Ex-Health Secretaries Call for Immediate Payouts to UK Blood Scandal Victims | Infected blood scandal

Three former health secretaries have called on the British government to immediately compensate victims of the contaminated blood scandal.

The chairman of the contaminated blood inquiry on Friday called for the victims and their families to be paid “promptly” after recommending the amount of interim compensation. Sir Brian Langstaff said infected people and relatives should receive “payments of not less than £100,000”.

Des Collins, a senior partner at Collins Solicitors, who represents some of the victims, said he would step up pressure on the government on Monday, after Boris Johnson was urged to pay the interim sums immediately to those affected and before more was sent to them. die. The recommendation for immediate payments was supported by former health secretaries Jeremy Hunt, Matt Hancock and Andy Burnham.

At least 2,400 people died after contracting HIV or hepatitis C as a result of receiving infected blood from the NHS in the 1970s and 1980s, and as many as 30,000 became seriously ill. The scandal has been labeled the worst treatment disaster in the history of the NHS.

An open letter to the prime minister this month, signed by organizations such as the Haemophilia Society and the Terrence Higgins Trust, said 419 people had died between July 2017, when the investigation was announced, and February this year. It was reported that one infected person died every four days.

Ros Cooper, who was infected with hepatitis C after receiving contaminated blood products as a child, described the news of the interim advice as an “extraordinary development”. Cooper told BBC Radio 4’s Today programme: “I think it’s testament to how much has been discovered that would support this request.”

Cooper, who started taking blood clotting factor products when she was less than six months old, said being infected with hepatitis C made her unable to work. “It’s been the defining factor in my life ever since I found out I got it as a teenager,” Cooper said. She said she’d had mental health issues and fatigue: “The mental side effects of being told you’re going to die in your 20s have been huge.”

She added that it had been “exacerbated” by having to “fight since then, to try and get some degree of recognition of justice from successive governments”.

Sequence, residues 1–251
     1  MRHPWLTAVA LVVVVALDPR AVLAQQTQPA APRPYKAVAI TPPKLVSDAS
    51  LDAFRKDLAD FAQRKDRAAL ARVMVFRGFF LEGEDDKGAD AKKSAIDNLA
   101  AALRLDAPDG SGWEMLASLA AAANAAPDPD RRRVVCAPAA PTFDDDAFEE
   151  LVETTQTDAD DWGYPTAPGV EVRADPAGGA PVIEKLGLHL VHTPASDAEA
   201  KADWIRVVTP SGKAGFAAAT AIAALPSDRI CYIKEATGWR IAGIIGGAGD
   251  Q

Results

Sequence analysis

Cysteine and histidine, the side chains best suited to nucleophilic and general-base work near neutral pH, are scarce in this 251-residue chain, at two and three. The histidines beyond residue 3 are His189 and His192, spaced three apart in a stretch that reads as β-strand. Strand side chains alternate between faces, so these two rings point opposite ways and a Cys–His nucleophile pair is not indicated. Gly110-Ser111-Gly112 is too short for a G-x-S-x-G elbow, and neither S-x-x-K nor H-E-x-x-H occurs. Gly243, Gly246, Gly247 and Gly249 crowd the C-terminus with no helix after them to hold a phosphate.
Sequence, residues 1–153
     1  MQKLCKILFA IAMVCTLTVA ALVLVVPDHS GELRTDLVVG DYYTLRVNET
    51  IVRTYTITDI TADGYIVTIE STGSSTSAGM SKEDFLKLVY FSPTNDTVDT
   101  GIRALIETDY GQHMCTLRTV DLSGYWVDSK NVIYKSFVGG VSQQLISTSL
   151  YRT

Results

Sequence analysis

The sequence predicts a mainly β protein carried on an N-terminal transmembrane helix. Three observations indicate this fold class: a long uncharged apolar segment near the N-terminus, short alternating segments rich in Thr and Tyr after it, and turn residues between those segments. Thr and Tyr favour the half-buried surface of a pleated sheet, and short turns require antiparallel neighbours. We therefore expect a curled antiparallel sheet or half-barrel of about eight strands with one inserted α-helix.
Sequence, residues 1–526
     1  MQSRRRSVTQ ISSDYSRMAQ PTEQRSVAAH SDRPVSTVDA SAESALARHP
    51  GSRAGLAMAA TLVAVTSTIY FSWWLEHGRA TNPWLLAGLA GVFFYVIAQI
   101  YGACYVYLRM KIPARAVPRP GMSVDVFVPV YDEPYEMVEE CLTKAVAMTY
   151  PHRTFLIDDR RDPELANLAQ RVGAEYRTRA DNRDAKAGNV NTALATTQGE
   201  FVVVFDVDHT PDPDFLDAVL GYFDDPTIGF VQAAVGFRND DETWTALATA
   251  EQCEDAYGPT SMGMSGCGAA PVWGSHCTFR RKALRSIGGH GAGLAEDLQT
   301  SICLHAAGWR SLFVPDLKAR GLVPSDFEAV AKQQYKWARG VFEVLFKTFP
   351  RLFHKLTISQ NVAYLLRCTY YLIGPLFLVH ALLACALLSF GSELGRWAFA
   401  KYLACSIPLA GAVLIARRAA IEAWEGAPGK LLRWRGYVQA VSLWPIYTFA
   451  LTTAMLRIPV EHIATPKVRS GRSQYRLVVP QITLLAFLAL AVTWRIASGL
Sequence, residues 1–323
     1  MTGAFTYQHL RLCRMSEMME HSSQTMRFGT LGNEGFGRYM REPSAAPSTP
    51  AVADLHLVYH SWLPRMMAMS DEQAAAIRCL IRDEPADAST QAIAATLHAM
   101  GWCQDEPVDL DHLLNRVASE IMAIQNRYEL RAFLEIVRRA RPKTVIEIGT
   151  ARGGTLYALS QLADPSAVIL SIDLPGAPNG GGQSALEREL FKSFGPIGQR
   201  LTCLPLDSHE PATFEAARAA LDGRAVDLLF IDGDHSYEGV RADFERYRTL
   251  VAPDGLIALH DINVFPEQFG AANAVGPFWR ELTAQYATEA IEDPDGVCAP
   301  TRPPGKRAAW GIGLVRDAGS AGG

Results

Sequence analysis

Hunt echoed Collins, calling for payments to be made “immediately” to all victims and next of kin. When he appeared on the Today program, he called on ministers to act before more victims fell.

“I would urge ministers to recognize that time is of the essence and just wait a few months for, say, the leadership campaign to be resolved and the new prime minister to make the decision, meaning a few more people are likely to have died. ‘, he said.

“We have to do it right away. We’ve waited way too long. Successive governments, of which I was a part, have not acted as quickly as they should have and we must recognize this as a terrible, terrible injustice.”

Hancock said the government had a “moral duty” to compensate the victims of the scandal and said he had “confidence” that this would happen. Burnham, a former health minister and now mayor of Greater Manchester, said there may be a case for corporate manslaughter charges.

“,”caption”:”Sign up to First Edition, our free daily newsletter – every weekday morning at 7am BST”,”isTracking”:false,”isMainMedia”:false,”source”:”The Guardian”,”sourceDomain”:”theguardian.com”}”>

Sign up for First Edition, our free daily newsletter – every weekday morning at 7am BST

The Cabinet Office said on Saturday it would respond “with the utmost urgency” to recommendations for compensation and that a copy of the investigative report would be presented to MPs “as soon as parliament meets again” – in September.

A spokesman said: “The government is grateful to Sir Brian Langstaff for his interim report on interim compensation for victims of contaminated blood.

“We recognize how important this will be for people infected and affected across the UK and can confirm that the Government will consider Sir Brian’s report and Sir Robert Francis QC’s recommendations with the utmost urgency and will act as soon as possible. react. A copy of the report will be placed in the house as soon as parliament meets again.”

Leave a Comment